Welding canister with regulator=A$0.45/L
    Welding canister without regulator=A$0.22/L
    Bloxygen=A$2.74/L

    From what I've been able to understand, the main advantage of argon is that it is heavier than nitrogen and air which can 'blanket' the chemical's surface. I found the following an interesting read
    http://winemakermag.com/1308-inert-gases-techniques

  7. #27

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    Since this old thread is resurrected anyway...

    I bought wide-mouth glass amber bottles and many glass marbles. When a chemical is partially used I can just drop a few marbles into the bottle to displace the air and re-cap. No gas to use up. No worries other than ensuring I place the used marbles in a colander and rinse thoroughly in hot water before using again. Easy easy easy... no complications... nothing to think about.

  8. #28

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    Very interesting and very weird. The gas in canned "air" is of the Freon family and has an assigned number. It's closely related to R-134a used in car A/C's. (As a side note I have very successfully used a butane/propane mixture in a car requiring the old R-12.)

    One would think it would be inert, but apparently not.

    A lot of expensive or inconvenient ideas here. I guess if I needed to "de-air" my bottles, I'd just shoot some propane in from my propane torch. Handy, cheap. Just don't smoke around your Xtol! Ha ha..

    BTW, I've harped on this before, but this is a good place to re-harp: PET plastic water and drink bottles are NOT impermeable to gases, including water vapor. Set one of those thin water bottles unopened somewhere and wait a few months. It will be partially collapsed as the water migrates outward.

    I use, mostly, 1 liter sparking water bottles, much thicker. For developers intended for long storage, I spray with a few layers of lacquer. My research on preserving injet prints led me into all these weird, dark corners about permeability. Lacquer is almost as good as glass or metal. In fact, cellophone is relatively permeable, so it's sprayed with lacquer to keep your Twinkies fresh.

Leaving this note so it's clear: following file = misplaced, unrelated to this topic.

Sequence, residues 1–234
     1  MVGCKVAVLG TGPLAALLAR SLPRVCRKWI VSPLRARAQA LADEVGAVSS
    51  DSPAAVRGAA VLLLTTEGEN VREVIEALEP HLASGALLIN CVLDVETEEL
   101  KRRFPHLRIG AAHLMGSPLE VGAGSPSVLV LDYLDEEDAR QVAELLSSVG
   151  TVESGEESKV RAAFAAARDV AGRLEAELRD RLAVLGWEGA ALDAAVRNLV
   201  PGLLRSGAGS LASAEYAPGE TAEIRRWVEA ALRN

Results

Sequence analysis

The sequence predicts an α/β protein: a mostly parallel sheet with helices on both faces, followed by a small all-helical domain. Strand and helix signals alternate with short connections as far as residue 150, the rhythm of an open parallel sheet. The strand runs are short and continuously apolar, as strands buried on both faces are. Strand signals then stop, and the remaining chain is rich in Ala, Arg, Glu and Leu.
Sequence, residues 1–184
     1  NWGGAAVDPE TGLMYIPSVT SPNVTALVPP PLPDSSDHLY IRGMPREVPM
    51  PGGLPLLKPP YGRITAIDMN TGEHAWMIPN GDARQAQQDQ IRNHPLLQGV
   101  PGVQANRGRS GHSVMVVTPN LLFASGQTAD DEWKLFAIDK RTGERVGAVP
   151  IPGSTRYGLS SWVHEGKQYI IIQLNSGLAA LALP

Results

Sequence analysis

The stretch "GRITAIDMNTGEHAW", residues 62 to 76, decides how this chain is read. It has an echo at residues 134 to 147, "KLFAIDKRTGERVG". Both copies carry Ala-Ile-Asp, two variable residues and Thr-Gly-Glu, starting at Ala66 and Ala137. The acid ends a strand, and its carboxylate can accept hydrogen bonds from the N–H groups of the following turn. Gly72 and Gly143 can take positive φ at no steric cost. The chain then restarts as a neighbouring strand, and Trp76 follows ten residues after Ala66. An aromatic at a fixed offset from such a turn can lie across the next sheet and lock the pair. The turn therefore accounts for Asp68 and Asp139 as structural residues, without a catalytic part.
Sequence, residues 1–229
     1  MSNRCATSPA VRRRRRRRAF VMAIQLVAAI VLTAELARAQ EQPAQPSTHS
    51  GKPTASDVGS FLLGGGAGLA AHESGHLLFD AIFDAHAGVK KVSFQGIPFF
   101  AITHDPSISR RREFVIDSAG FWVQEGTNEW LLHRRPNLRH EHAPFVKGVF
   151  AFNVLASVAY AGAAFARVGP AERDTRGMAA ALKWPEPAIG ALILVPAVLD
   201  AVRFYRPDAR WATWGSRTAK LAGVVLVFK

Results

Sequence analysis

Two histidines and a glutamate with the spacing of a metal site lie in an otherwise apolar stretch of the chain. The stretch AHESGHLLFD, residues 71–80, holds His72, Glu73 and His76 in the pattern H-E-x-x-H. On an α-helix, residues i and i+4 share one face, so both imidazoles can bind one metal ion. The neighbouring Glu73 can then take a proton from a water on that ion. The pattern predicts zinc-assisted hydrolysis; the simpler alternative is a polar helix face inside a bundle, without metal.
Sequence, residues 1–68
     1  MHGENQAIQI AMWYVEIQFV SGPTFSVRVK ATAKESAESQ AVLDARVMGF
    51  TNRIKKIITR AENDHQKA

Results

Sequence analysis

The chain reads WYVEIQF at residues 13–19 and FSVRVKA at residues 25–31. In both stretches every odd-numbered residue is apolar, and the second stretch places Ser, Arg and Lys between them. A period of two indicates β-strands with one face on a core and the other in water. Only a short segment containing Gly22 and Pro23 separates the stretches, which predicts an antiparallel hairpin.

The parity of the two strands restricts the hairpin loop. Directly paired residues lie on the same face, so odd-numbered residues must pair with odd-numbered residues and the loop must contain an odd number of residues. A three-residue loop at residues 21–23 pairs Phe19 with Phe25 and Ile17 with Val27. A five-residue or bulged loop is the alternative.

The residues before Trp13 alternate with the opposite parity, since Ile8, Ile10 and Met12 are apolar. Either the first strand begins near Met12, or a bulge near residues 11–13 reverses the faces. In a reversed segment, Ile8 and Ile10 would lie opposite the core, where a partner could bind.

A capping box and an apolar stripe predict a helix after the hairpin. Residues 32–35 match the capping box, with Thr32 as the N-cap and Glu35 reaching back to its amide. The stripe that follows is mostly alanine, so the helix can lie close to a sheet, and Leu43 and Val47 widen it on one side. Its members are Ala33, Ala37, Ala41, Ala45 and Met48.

9. #29
    AgX
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    Quote Originally Posted by Paul Verizzo View Post
    BTW, I've harped on this before, but this is a good place to re-harp: PET plastic water and drink bottles are NOT impermeable to gases, including water vapor. Set one of those thin water bottles unopened somewhere and wait a few months. It will be partially collapsed as the water migrates outward.
    PET has less gas permeability than LDPE or HDPE.

    At least over here you even can get bottles for still water in two thicknesses.

  10. #30

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    Quote Originally Posted by AgX View Post
    PET has less gas permeability than LDPE or HDPE.

    At least over here you even can get bottles for still water in two thicknesses.
    Not true. Sorry, I'm not going to spend a lot of time linking you to my references. For instance, the original Saran wrap was hugely impermeable, the "upgrade" from ten"???? years ago, is just LDPE.

    The bottom line remains PET is permeable.